How NOT To Design Your Print Brochures

May 20 07:59 2010 Kaye Z. Marks Print This Article

What are the don'ts in designing brochures

There are good brochure printing design and there are just some that are… My mother always told me that if I do not have anything good to say then I might as well shut my mouth. Anyway,Guest Posting careful planning can make a difference.

Before starting any printing design, you must have a clear idea of your objective. What do you want to achieve with your print brochures? A good brochure design should be able to convey what you or your business wants to establish. This could be achieved with proper layout. A good layout trains the eye and mind towards the single most important message in your brochure.

Let me tell you how to start a good design by suggesting how NOT to design. First of all, do not clutter. Yes, there are available spaces but it does not mean that you have to fill them all up. Spaces are good to allow your readers to breathe. The spaces could also be your margin. Without a definitive margin area, it becomes hard and confusing for the reader to understand it. Besides, lack of a definitive area makes your design look boring. Most designers compensate this obvious lack of margin by making the fonts bigger and bolder which does not necessarily make your design more appealing.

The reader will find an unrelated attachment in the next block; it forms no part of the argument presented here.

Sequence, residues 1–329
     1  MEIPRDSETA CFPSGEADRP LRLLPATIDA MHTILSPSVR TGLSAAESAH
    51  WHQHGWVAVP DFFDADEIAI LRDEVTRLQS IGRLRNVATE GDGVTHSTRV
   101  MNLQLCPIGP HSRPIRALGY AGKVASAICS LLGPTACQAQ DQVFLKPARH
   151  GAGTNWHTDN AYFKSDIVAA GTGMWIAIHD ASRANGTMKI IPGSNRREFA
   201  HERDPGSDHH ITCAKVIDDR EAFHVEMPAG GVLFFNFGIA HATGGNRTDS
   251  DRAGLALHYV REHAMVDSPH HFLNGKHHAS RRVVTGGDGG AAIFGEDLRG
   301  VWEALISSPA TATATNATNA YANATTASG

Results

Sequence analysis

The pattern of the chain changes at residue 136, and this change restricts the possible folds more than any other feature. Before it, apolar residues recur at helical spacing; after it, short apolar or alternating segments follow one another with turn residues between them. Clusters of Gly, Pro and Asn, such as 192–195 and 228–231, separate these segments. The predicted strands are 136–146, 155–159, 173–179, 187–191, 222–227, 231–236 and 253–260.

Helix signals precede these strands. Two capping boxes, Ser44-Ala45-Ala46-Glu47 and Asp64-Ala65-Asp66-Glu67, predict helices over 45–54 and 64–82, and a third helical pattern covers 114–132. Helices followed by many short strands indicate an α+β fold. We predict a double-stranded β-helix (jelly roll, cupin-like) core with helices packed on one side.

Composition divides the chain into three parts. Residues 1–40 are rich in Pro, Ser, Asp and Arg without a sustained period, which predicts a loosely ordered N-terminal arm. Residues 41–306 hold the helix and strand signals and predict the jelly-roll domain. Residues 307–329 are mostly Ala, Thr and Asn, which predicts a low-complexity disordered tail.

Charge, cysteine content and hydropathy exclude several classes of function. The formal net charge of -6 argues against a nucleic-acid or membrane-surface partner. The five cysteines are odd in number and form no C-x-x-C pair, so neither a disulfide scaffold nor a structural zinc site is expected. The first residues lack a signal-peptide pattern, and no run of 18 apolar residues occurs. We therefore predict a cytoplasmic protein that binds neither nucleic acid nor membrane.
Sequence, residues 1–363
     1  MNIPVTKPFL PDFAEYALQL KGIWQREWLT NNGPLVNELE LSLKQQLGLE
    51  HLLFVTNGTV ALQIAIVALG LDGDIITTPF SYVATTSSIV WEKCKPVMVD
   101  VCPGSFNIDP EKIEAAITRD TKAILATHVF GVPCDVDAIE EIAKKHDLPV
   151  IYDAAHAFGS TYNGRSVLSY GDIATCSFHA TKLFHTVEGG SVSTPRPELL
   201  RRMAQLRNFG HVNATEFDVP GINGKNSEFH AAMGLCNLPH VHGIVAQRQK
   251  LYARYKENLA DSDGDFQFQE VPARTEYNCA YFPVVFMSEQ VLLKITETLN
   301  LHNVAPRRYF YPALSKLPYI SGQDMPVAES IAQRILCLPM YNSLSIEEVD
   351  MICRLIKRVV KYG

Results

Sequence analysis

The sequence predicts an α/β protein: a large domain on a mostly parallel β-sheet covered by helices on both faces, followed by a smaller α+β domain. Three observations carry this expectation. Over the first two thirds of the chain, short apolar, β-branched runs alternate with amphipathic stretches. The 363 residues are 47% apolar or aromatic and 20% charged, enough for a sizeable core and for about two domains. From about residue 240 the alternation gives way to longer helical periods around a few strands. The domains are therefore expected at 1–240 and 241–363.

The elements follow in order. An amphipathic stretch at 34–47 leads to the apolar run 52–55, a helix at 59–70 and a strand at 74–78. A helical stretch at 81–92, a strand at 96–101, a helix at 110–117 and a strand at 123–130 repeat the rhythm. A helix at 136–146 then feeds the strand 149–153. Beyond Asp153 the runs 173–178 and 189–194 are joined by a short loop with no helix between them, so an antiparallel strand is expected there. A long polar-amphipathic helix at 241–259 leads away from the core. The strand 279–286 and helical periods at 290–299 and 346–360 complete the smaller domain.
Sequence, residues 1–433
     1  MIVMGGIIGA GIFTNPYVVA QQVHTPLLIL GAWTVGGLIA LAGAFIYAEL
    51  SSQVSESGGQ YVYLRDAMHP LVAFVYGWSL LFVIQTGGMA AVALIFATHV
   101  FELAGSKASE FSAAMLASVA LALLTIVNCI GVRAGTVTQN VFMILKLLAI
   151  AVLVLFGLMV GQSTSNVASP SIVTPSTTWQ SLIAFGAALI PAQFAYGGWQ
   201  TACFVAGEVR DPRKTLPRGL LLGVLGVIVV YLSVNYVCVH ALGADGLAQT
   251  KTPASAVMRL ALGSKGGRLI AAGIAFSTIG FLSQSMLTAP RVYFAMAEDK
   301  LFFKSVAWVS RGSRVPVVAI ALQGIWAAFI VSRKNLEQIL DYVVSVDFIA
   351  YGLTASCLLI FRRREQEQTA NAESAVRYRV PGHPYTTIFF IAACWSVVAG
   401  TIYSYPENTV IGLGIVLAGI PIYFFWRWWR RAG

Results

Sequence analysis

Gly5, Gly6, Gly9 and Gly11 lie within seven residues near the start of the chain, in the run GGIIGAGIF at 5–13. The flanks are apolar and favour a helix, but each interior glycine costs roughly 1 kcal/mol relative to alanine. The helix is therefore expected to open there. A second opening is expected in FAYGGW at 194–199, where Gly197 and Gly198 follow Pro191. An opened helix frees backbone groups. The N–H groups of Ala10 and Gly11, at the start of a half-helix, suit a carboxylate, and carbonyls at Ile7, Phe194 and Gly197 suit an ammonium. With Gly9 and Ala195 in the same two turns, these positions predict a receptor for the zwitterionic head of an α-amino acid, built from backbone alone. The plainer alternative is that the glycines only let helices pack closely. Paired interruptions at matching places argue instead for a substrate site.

Second, do not squeeze in everything. Make use of negative spaces. Negative spaces are the spaces around the letters or images. These spaces add depth to the design. Many consider the use of equal negative space as a good approach and as a balance to the visible image or text itself. This basic and often overlooked design principle gives the eye a 'place to rest', thereby increasing the overall appeal of the design through very subtle means.

Third, do not stick to one color. Add contrast by varying the fonts. Consider the most important images or message to help you identify what fonts to use. For example, if your business is called Sam's Bed and Breakfast, you obviously would like people to know that your business is a Bed and Breakfast hence, you put an emphasis on the word 'Bed and Breakfast' first and 'Sam's' second. The fact that it is a bed and breakfast is probably more important to a tired and hungry traveler than the name of the person who actually owns it.

All these things make up for a good design. The use of margins, negative spaces and contrast makes your letterhead easier to read and more importantly, it is aesthetically pleasing to the eyes.

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Kaye Z. Marks
Kaye Z. Marks

Kaye Z. Marks is an avid writer

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